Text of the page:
Drowning in paperwork
I got this via Marginal Revolution.
“A vaccination center with 4 vaccination stations requiring 58 staff (only 16 of which seem to need medical training to prepare and administer vaccines and 1 EMT on hand for adverse reactions.
What boggles my mind is the number of staff they have allocated for paperwork.
If the US had been prepared, it could’ve set up a system of vaccination tickets with QR codes (much like tickets for air travel or going to a sporting event) that could be handed out by primary care physicians, hospitals, etc. (or just based on administrative records of age). Those would transfer the relevant data that would have been collected by the paperwork people. People would schedule a slot via some app (even doctors’ offices have online scheduling now), show up, provide ID verification, and get the shot. So you could open up a vaccination center with less staff. I get that not everyone has a smartphone, but seriously, this is not that hard.“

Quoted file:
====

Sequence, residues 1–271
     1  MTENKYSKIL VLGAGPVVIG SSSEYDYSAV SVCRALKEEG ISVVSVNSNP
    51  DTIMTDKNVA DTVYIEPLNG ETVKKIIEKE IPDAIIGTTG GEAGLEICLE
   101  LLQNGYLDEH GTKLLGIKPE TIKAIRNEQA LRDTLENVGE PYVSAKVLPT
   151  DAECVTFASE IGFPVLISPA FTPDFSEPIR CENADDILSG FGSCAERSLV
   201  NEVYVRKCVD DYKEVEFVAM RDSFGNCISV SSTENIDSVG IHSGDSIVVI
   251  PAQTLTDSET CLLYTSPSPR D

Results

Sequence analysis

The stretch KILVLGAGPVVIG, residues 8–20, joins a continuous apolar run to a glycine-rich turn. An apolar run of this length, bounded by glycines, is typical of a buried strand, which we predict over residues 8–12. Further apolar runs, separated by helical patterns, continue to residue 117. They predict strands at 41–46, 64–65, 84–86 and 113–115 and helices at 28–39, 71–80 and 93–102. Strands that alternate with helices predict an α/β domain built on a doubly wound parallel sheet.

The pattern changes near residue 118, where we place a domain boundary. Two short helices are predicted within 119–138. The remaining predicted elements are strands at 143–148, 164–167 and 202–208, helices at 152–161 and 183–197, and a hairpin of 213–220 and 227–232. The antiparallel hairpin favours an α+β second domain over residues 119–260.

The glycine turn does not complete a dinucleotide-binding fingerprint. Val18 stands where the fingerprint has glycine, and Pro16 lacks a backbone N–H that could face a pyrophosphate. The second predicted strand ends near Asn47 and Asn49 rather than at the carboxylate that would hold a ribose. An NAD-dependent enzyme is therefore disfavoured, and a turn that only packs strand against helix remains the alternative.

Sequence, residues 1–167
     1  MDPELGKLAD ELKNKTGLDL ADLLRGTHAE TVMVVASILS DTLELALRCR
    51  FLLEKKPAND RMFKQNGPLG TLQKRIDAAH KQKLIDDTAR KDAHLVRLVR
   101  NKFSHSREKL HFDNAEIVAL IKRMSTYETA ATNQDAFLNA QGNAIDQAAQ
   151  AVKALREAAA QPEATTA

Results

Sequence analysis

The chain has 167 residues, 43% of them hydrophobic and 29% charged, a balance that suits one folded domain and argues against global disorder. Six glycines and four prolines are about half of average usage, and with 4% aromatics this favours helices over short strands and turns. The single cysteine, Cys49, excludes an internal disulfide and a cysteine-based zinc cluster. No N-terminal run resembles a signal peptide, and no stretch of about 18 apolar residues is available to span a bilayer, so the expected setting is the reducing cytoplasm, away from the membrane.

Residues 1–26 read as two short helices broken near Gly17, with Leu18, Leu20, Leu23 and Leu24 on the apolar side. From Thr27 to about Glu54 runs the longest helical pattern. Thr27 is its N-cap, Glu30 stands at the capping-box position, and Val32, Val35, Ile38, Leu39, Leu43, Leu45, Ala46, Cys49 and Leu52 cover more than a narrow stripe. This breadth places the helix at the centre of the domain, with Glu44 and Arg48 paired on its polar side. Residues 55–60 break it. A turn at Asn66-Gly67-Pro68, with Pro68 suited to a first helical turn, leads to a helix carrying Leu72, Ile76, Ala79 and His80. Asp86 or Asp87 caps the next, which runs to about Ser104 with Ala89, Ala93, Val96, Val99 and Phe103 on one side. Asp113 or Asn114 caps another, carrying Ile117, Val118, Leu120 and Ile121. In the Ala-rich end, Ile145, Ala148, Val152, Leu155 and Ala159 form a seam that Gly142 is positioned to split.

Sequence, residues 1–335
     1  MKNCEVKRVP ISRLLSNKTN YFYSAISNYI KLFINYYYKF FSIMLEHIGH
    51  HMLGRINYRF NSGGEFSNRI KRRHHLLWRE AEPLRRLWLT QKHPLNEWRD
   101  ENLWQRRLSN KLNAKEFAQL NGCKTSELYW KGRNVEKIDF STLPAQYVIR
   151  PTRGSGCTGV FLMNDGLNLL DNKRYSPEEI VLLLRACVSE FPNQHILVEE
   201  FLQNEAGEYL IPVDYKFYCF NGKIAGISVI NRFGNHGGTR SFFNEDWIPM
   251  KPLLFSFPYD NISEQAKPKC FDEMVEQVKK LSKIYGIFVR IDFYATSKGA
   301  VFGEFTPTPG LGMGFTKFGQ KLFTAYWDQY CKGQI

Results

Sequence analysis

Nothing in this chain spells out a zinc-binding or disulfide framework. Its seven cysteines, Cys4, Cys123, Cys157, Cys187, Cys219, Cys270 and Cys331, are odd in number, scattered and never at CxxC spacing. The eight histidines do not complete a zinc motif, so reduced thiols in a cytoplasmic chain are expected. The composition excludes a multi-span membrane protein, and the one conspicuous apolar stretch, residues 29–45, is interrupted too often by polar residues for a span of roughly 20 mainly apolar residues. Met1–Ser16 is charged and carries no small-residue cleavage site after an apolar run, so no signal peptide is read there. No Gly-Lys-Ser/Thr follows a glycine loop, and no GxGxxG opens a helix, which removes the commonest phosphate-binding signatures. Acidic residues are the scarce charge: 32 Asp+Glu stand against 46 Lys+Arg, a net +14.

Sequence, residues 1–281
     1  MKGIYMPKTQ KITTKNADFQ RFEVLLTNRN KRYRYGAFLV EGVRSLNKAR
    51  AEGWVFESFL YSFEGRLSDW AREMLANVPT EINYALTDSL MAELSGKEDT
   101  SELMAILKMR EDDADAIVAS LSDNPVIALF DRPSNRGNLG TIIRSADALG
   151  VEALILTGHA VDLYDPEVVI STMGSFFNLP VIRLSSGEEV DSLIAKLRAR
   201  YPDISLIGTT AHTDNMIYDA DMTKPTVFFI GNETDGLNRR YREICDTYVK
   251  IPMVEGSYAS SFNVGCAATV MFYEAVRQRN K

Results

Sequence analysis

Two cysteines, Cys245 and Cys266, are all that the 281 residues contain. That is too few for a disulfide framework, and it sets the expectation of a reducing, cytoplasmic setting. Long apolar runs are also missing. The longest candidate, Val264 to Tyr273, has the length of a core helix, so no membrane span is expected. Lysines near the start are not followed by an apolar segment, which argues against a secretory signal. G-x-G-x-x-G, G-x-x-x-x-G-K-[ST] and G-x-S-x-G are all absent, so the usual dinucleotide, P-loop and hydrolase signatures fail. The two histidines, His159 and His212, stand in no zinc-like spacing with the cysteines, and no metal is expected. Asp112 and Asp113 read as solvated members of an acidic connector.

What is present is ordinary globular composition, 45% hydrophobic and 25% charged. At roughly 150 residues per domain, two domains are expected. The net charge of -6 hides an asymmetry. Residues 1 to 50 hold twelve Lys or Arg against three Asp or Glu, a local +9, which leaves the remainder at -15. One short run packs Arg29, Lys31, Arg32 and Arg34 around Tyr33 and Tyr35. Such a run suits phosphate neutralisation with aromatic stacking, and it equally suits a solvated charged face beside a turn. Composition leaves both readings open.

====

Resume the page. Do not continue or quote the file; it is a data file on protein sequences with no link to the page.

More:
Governments are very bad at managing and launching digital products. To curb corruption and sweetheart deals, most have designed procurement processes that are so overprescribed it’s effectively impossible for them to select good vendors quickly.
It’s them impossible for them to manage rapid, iterative deployments as a competent startup might, as that process is burdened by countless political, bureaucratic, and regulatory obstacles.
When the stakes are high enough, like during a deadly pandemic, you’d hope that new approaches might be explored. It’s not at all obvious to me that any have been.